All Hallows Eve/Halloween
Celebrations on the date we now know as Halloween have existed for around 6,000 years. Halloween as we now understand it started a Celtic festival, particularly a Gaelic festival, and they believed that the dead would visit them. To help the dead, they left food and drink outside their homes for them just after the harvest festivals.
Over the years (and even today) Halloween has been known by many names. Some call it All Saints Eve, whereas some people, particularly Wiccans, call it Samhain. There’s no doubt a few more names that I have not heard of.
It is thought that it is the one night of the year where the veil between the two dimensions (the dimension of the living and the dead) thins even further and those that have transitioned over from one dimension to the other find it easier to return.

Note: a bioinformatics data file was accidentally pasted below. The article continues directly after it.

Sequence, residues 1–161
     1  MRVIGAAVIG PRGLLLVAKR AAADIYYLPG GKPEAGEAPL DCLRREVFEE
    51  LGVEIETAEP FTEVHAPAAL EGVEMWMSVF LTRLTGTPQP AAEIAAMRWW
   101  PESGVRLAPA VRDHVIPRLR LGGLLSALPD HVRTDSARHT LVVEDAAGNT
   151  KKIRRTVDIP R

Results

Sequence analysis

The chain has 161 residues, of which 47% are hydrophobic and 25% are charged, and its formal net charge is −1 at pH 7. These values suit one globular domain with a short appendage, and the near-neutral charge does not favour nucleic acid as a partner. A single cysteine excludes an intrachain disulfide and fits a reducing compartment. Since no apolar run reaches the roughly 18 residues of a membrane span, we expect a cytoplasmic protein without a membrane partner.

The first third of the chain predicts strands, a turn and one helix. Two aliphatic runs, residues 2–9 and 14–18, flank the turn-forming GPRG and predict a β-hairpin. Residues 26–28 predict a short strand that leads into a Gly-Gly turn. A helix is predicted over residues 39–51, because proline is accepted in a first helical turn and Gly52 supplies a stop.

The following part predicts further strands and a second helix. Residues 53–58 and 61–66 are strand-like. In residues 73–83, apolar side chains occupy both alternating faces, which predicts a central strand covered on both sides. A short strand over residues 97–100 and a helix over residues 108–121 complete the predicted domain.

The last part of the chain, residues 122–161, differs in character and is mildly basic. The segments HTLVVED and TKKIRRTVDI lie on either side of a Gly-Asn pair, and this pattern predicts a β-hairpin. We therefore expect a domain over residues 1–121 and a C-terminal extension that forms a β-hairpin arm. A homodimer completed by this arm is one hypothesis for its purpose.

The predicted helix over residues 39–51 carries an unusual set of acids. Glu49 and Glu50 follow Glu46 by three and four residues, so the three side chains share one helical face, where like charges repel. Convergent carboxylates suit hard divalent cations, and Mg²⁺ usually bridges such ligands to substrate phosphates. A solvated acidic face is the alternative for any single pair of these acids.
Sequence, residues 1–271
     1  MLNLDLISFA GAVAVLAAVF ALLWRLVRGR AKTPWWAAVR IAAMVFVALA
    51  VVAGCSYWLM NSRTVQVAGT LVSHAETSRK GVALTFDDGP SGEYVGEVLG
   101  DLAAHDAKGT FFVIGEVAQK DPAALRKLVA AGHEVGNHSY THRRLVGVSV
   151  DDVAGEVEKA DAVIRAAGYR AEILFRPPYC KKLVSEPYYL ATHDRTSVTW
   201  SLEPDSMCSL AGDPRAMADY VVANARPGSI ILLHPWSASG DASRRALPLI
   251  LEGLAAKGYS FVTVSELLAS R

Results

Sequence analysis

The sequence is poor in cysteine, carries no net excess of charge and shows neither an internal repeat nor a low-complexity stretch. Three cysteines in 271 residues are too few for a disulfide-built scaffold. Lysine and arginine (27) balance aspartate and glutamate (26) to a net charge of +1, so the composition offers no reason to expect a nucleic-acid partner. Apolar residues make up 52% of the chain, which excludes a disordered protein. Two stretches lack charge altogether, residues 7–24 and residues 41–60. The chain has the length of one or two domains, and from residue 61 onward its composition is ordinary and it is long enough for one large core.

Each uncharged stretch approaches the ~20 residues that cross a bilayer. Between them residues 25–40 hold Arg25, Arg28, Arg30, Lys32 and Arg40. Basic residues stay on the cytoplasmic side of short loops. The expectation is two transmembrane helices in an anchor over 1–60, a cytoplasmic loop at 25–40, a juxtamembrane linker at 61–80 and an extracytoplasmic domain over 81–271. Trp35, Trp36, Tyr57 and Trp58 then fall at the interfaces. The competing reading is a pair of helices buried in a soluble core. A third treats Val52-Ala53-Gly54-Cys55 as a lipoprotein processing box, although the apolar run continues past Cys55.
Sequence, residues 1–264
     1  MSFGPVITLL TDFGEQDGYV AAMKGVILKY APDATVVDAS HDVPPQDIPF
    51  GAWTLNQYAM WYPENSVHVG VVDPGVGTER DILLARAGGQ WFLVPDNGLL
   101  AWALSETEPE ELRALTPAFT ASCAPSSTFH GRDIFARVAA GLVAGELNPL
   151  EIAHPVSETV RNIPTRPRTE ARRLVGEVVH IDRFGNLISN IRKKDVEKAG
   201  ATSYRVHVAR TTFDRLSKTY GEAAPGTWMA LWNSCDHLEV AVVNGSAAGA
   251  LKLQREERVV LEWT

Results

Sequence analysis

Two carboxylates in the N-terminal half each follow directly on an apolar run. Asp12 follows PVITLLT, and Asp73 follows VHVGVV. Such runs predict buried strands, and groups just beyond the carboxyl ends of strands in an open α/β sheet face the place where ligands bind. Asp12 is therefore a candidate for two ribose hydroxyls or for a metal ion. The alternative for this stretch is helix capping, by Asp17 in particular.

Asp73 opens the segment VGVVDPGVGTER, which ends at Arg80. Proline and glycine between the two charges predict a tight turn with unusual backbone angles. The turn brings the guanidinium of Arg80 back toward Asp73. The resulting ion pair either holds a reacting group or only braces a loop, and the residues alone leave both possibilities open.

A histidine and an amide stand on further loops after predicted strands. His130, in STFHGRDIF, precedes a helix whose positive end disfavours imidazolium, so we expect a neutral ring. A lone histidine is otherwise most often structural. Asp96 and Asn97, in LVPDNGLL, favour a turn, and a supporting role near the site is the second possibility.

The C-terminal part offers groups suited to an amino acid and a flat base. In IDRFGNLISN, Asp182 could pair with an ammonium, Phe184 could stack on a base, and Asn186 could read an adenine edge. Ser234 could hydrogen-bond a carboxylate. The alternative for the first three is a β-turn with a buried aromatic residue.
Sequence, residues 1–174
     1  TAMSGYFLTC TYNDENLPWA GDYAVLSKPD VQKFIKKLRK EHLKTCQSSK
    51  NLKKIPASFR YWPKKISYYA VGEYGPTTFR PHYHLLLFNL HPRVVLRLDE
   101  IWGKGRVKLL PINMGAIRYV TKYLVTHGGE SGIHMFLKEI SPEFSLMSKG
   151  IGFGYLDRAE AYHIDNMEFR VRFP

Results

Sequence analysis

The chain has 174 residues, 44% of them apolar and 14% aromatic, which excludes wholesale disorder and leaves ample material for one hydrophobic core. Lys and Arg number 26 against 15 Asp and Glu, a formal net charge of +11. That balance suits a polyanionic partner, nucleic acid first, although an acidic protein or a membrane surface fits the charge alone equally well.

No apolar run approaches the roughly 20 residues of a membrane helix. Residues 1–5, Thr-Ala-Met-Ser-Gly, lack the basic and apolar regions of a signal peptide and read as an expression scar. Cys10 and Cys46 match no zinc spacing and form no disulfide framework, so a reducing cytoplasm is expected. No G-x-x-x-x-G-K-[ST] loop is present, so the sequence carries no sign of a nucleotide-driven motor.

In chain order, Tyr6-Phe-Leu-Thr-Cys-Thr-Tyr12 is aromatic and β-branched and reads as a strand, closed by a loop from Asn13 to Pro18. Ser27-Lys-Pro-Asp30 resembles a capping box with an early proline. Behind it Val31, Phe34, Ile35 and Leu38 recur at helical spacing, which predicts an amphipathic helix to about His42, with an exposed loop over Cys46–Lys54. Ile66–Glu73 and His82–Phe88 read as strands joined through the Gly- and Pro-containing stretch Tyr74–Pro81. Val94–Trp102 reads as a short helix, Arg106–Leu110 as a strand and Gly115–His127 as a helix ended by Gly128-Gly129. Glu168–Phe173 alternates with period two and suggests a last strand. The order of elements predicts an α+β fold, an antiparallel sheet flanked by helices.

History books show it was adopted by the Christian religion and renamed thereafter as Halloween. The Christian religion takes the ritual over three days. The Romans occupying Britain adopted many of the Celtic/Pagan festivals in the UK and made them their own. It is thought it helped them in their occupation of the countries they went into.
These days, across the world it is still, all these thousands of years on, celebrated. Practices vary from leaving food for the dead to kids trick or treating, which in itself bears some tradition to souling and guising from centuries ago.
This year it will be different for many across the world due to the pandemic, but however you are celebrating All Hallows Eve, please spare a thought for all those loved ones of ours on the other side of life and maybe, just maybe, you will find a sign or a message from them!